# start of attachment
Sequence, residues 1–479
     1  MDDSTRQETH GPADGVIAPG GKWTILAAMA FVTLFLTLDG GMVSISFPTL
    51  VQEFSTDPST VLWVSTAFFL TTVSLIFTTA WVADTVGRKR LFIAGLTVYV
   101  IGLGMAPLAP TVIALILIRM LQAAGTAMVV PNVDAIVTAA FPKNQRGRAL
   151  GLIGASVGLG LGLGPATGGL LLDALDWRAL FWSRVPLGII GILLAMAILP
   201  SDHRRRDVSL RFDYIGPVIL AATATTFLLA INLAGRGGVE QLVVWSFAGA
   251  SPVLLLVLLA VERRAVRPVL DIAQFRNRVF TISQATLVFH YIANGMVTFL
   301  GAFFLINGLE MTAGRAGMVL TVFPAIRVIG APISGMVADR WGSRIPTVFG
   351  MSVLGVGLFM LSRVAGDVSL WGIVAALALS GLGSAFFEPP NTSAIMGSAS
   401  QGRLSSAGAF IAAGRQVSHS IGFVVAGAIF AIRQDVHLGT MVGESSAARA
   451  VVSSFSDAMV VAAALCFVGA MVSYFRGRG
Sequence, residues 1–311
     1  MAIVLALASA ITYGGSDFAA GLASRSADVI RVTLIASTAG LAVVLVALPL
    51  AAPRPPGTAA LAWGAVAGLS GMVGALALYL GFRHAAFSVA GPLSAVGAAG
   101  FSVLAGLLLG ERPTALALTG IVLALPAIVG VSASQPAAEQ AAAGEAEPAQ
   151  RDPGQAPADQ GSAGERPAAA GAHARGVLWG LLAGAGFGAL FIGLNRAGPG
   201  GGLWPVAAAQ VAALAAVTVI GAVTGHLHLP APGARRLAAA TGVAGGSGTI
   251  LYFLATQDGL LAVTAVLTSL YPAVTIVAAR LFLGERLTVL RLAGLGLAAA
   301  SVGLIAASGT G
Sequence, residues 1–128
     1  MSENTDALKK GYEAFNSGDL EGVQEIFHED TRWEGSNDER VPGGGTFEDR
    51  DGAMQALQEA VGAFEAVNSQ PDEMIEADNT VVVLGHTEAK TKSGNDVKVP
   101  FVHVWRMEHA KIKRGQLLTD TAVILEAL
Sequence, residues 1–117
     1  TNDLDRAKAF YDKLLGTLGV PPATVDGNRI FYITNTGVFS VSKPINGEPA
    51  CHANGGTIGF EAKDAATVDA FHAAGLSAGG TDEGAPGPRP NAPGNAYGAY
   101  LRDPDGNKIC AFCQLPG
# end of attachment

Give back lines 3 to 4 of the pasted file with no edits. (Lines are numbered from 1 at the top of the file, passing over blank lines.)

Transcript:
    51  VQEFSTDPST VLWVSTAFFL TTVSLIFTTA WVADTVGRKR LFIAGLTVYV
   101  IGLGMAPLAP TVIALILIRM LQAAGTAMVV PNVDAIVTAA FPKNQRGRAL